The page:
From Bangkok to Manila, Taipei, Seoul, and Ulaanbaatar, East Asia's third-wave democracies are in distress. Data from the first and second Asian Barometer Surveys can help us systematically to assess the extent of normative commitment to democracy that citizens feel in Japan, South Korea, Taiwan, Mongolia, the Philippines, and Thailand. Compared to levels of popular support for democracy, strength of authoritarian detachment, and satisfaction with the performance of democracy observed in other regions, our six East Asian democracies appear on a par with similarly situated societies elsewhere in the world. The lesson is that this form of government must win citizens' support through better performance.
AmericasBarometer data point to some overall trends that merit careful attention. The ideological center of gravity in Latin America is, by world standards, slightly to the right, yet attitudes are moving to the left. Ideological cleavages in Latin America, long after the Cold War's end, still line up along a distinct left-right dimension, and voters support parties consistent with their ideological orientations. The gap between left and right is very narrow, however, in some countries like Costa Rica, but strikingly wide in other countries such as Chile, El Salvador, and Nicaragua.
A decade and a half after the first African regime transitions and despite growing popular disillusionment with democracy in practice, the general idea of "rule by the people" remains an attractive prospect for solid majorities of citizens. But popular attachment to the specific institutions of a democratic regime—and how willing citizens feel to apply formal criteria of institutional development to the evaluation of regime performance—is a much more varied and tentative matter.
Using New Europe Barometer public opinion surveys from 13 postcommunist countries, this article shows that with the passage of time citizens in undemocratic as well as democratic regimes tend to accept their political system; however, they do so for different reasons. Democratic regimes can gain positive support from reform-minded democrats and those who reject undemocratic alternatives. By contrast, undemocratic regimes depend more on resigned acceptance from citizens who do not think there is any alternative, thus, for better or worse, making their new regime the only game in town.
Across sub-Saharan Africa, formal institutional rules are coming to matter much more than they used to, and have displaced violence as the primary source of constraints on executive behavior. From decolonization in the early 1960s through the 1980s, most African rulers left office through a coup, assassination, or some other form of violent overthrow. Since 1990, however, the majority have left through institutionalized means—chiefly through voluntary resignation at the end of a constitutionally defined term or by losing an election. While institutional rules may not yet always determine outcomes in Africa today, such rules are consistently and dependably affecting the strategies through which those outcomes are reached.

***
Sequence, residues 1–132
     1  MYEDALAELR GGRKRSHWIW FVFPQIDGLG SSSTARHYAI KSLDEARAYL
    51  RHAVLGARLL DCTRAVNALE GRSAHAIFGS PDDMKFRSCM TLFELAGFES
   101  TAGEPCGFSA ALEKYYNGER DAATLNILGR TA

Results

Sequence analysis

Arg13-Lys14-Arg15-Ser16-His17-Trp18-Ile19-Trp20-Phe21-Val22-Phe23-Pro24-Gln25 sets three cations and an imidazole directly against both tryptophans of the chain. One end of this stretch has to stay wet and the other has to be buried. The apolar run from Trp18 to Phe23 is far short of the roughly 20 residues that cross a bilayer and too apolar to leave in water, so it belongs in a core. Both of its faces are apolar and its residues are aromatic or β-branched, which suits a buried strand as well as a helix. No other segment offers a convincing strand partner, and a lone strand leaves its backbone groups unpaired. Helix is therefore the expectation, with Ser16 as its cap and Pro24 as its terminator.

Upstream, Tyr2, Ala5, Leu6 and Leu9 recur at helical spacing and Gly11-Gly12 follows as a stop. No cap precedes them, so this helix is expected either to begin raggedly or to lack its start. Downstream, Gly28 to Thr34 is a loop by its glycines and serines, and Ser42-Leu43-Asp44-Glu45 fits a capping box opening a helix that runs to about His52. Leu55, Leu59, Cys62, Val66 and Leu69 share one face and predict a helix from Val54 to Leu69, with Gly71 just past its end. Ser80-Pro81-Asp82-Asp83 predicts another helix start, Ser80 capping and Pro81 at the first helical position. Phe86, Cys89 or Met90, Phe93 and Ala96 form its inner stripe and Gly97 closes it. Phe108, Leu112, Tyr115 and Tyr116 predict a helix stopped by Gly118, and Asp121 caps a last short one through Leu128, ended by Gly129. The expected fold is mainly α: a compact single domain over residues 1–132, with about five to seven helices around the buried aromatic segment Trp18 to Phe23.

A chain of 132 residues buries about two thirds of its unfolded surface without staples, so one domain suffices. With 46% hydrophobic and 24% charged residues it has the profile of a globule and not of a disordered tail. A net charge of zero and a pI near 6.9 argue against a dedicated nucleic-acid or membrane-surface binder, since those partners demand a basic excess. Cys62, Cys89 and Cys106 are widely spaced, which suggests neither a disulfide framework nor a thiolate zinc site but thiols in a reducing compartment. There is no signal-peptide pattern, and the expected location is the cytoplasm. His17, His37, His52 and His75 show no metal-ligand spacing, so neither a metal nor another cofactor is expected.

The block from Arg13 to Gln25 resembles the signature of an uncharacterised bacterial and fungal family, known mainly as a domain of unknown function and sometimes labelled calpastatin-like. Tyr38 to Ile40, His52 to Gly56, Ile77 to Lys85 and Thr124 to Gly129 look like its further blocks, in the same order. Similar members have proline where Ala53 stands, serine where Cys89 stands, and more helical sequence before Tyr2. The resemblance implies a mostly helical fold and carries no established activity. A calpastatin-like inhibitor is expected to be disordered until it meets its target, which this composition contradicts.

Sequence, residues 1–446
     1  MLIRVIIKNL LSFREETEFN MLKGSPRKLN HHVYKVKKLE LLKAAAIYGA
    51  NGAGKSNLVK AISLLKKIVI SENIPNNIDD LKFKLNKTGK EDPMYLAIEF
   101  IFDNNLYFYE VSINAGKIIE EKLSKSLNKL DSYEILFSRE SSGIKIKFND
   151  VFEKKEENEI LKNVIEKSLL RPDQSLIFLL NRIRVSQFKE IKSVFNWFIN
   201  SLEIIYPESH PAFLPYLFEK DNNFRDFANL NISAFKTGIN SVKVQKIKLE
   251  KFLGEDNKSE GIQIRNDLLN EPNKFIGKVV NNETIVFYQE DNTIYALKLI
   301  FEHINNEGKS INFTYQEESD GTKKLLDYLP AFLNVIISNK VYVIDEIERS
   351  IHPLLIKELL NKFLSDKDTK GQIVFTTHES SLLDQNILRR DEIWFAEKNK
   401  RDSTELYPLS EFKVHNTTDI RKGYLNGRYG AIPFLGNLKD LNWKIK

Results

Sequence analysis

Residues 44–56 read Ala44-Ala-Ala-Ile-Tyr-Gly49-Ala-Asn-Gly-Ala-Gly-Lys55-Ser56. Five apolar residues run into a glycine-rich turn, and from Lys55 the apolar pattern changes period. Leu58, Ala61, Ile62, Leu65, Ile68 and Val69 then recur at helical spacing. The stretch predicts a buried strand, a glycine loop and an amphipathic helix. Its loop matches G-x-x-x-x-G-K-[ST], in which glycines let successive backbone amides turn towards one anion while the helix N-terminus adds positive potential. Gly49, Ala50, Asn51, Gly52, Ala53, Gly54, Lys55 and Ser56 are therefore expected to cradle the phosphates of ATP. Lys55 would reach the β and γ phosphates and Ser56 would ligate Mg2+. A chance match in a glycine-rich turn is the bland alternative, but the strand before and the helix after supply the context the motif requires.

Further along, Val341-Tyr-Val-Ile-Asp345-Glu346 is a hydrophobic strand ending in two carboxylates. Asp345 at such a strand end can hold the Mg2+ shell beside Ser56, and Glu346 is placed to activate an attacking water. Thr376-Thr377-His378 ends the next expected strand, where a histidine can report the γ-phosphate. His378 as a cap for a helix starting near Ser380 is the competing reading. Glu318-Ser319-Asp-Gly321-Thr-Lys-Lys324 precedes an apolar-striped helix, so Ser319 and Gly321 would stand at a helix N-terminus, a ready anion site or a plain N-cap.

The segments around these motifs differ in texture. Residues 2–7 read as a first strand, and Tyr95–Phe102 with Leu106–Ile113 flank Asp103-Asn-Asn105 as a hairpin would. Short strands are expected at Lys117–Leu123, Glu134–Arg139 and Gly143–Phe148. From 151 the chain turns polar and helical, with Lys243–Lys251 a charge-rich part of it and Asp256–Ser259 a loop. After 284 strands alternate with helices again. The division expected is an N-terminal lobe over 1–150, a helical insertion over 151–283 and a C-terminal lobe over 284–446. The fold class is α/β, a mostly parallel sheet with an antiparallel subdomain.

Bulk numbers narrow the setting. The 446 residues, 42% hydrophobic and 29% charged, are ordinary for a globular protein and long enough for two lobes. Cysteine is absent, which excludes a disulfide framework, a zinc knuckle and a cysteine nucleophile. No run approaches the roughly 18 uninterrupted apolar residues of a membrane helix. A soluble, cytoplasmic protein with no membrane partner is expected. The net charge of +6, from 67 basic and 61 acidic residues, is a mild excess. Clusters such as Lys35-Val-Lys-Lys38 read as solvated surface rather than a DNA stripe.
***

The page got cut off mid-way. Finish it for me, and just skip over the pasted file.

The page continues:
This study tests the proposition that liberalizing African states may avoid coups d'etat and other forms of military intervention in their politics. It hypothesizes that one way for African states to gain legitimacy is by following a trajectory of gradual liberalization. The study shows that this legitimacy, in turn, tends to inoculate African states against military intervention. Many African regimes, on the other hand, have experienced an "authoritarian drift" after nominal transitions to "democracy." Unlike the regimes governing liberalizing states, "electoral authoritarian" regimes—ones that fall prey to authoritarian drift—become more vulnerable to both civil war and military coup.
By focusing on the informal legacies that still shape the democracies of Central and Eastern Europe, we can attain a nuanced understanding of the region's postcommunist countries. In Poland, confrontational maximalism helps to generate governmental instability and poor policy continuity, while in Hungary there is now a question mark hanging over the future of the bounded flexibility that once reliably helped to center democratic politics. In the Czech Republic, instrumentalist attitudes and partisan-ideological differentiation jointly increase the chances of serious corruption and polarization, while in Slovakia the democratic system appears to lack an endogenous force capable of effectively confronting bigotry and discrimination.